Cooking For Health

Functional Formularies Offers Organic, Plant-Based Options for Tube-Feeding

By Ellen Kanner, Contributing Writer

A small independent company based in Ohio launched a feeding tube formula called Liquid Hope, comprised entirely of organic whole foods like chickpeas, sprouted quinoa, almond butter, turmeric, kale, sweet potato, and other high-energy, anti-inflammatory ingredients. Unlike most conventional enteral nutrition formulas, Liquid Hope is free from sugar, corn syrup, omega-6 laden oils, and dairy ingredients. It is making a profound difference in the lives of many patients. 

FDA Revamps It's Field Guide to Food Additives

By Kristen Schepker, Assistant Editor

There are well over 10,000 chemical additives--flavorings, colorings, preservatives--that the federal government permits for use in food products sold in the US. While a few occasionally grab headlines--think monosodium glutamate, sodium nitrite, high-fructose corn syrup, aspartame--the vast majority garner very little public attention.

The Cult and Culture of Vegan Cheese

By Ellen Kanner, Contributing Writer

We're witnessing a vegan cheese explosion these days. US sales of these plant-based, non-dairy cheeses jumped by 43% in 2018 , according to the Plant-Based Food Association, and are forecast to hit the $4 billion mark by 2024. Venture capital firms are all over it, and the market is thriving. These products have evolved a long way in the last decade. How healthy are they, and for whom? 

In "How to Change Your Mind," Michael Pollan Explores Resurgence of Psychedelic Medicine

By Ellen Kanner, Contributing Writer

After decades on the margins of both polite society and medical research, psychotropic compounds such as psilocybin, LSD, MDMA, and the like, are once again the focus of serious clinical investigation as potential therapies for a host of psychological and neurological conditions. In his newest book, How to Change Your Mind, popular author explores the resurgence of psychedelic medicine without bias, agenda, or pretense.

Innovative Med Schools Put Future Doctors in the Kitchen

By Ellen Kanner, Contributing Writer

The connection between food choices and wellness goes back at least as far as ancient Greece. Yet it’s taken two millennia for Western medical schools to make food part of medical training. Innovative medical schools around the country are beginning to introduce Culinary Medicine into their curricula.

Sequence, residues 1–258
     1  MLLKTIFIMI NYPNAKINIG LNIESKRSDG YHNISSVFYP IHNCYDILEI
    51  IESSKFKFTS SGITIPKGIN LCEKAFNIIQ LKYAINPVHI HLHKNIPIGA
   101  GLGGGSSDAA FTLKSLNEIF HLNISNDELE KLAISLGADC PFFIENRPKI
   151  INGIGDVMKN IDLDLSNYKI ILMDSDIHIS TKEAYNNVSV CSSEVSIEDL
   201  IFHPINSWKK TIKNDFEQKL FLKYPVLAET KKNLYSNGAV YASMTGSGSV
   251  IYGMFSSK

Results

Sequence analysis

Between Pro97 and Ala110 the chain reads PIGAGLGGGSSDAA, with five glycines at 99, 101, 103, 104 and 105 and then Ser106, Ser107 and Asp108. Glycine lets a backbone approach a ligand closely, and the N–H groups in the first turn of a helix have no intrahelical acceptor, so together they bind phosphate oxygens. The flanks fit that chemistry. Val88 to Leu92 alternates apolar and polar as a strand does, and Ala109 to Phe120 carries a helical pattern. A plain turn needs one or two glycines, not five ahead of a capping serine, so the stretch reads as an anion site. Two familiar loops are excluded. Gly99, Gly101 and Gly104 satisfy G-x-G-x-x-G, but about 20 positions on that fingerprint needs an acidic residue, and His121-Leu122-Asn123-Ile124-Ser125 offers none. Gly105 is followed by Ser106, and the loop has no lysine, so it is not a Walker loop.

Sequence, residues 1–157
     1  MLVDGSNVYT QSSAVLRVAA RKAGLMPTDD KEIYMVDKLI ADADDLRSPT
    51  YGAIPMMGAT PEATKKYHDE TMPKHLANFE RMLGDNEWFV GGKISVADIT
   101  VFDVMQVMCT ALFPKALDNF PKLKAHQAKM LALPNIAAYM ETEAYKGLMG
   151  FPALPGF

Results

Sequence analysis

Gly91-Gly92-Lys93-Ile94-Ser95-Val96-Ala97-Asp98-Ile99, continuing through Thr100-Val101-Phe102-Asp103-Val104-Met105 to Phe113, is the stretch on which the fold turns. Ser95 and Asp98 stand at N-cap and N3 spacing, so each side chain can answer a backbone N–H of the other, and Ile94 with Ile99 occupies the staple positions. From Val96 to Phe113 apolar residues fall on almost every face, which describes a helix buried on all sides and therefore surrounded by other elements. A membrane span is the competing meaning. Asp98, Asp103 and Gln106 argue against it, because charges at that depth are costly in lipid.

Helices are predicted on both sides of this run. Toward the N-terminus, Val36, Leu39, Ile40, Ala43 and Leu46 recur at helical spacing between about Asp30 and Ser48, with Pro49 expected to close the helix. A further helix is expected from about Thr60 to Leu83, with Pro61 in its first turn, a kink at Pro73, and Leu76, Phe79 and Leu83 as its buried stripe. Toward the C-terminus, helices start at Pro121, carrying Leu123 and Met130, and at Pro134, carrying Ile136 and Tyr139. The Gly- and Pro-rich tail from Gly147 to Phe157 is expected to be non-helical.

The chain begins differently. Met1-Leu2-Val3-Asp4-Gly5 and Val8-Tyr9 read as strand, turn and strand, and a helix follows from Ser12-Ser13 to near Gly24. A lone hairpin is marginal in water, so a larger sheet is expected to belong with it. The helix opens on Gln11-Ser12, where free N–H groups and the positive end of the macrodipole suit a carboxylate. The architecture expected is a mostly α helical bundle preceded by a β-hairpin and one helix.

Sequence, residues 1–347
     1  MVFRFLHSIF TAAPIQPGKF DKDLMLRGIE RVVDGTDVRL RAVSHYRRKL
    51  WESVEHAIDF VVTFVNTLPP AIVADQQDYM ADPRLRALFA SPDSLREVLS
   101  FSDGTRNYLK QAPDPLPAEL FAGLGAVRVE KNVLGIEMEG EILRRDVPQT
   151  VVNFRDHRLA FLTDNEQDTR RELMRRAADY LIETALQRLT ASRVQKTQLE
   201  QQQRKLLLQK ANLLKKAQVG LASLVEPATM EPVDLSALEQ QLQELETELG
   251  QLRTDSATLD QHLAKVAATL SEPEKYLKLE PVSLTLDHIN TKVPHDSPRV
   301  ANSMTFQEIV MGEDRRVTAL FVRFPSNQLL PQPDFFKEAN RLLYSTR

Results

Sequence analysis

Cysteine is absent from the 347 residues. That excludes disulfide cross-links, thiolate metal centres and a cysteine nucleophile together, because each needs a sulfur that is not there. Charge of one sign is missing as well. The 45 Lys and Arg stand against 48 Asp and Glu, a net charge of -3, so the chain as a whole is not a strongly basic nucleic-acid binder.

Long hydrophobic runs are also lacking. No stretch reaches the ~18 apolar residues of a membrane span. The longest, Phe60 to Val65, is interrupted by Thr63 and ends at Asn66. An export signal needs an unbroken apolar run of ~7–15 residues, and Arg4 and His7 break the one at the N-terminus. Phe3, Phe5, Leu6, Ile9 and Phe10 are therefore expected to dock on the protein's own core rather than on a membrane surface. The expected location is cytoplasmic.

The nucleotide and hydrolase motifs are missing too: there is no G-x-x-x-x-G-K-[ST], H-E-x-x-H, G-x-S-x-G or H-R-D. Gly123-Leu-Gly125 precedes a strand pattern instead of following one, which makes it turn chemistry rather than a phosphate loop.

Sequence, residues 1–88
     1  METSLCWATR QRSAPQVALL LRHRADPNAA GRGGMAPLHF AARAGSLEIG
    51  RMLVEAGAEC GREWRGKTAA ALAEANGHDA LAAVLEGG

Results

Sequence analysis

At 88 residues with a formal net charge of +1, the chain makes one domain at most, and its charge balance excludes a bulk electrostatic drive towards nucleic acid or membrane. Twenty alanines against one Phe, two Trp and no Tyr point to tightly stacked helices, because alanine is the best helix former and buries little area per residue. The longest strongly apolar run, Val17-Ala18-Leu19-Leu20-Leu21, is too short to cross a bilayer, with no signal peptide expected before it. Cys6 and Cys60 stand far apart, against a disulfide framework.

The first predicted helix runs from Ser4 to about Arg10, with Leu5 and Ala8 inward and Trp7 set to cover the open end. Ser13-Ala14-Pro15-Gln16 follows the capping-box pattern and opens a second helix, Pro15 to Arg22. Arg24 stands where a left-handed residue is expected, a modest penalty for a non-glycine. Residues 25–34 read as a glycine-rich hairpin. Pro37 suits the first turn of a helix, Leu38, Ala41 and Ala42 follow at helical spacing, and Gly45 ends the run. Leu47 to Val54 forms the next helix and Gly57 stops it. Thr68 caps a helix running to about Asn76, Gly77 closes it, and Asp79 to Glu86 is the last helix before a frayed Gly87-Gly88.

Challenged by MS, the "Spice-Trekkers" Discover Their Own Culinary Medicine

By Ellen Kanner, Contributing Writer

Philippe and  Ethné de Vienne an explorer by nature. He and his wife Ethné travel the world, sourcing organic spices and herbs where they’re grown. That’s their job as the owners of the Montreal-based spice company, Épices de Cru. But five years ago, when Philippe was suddenly diagnosed with Multiple Sclerosis, their search took a very different turn--one that led to important discoveries about how to use foods and spices to alter the course of serious autoimmune diseases.

With Sioux Chef, Native Americans Rediscover Indigenous Foodways

By Ana Maria Puente, Contributing Writer

With a restaurant and catering company called Sioux Chef, an Oglala Lakota chef named Sean Sherman is helping Native American communities--and many other non-Natives--to discover the original indigenous foods of North America. Many native foods--things like cattail shoots, prairie turnips, choke cherries, prickly pears, rabbit and bison--are extremely healthy.

Wholesome Rx: Prescribe Produce, Not Pills

By By Ellen Kanner, Contributing Writer

“Eat more fresh produce.” It’s an easy bit of medical advice to give. Yet it’s advice millions of Americans aren’t able to follow, even if they want to. A non-profit group called Wholesome Wave is working to make it a little bit easier for both practitioners and patients, by creating a system that allows doctors to literally prescribe produce for patients and their families in underserved communities.

A Taste of African Heritage Offers Culinary Path to Wellness

By Ellen Kanner, Contributing Writer

Sweet potatoes, peanuts, black-eyed peas, lima beans, collard and mustard greens, sorghum, millet.... these and so many other healthy foods originated in Africa and the African diaspora. Reconnecting with these foods offers the opportunity to make Black History Month a celebration of wellness as well as a celebration of culture.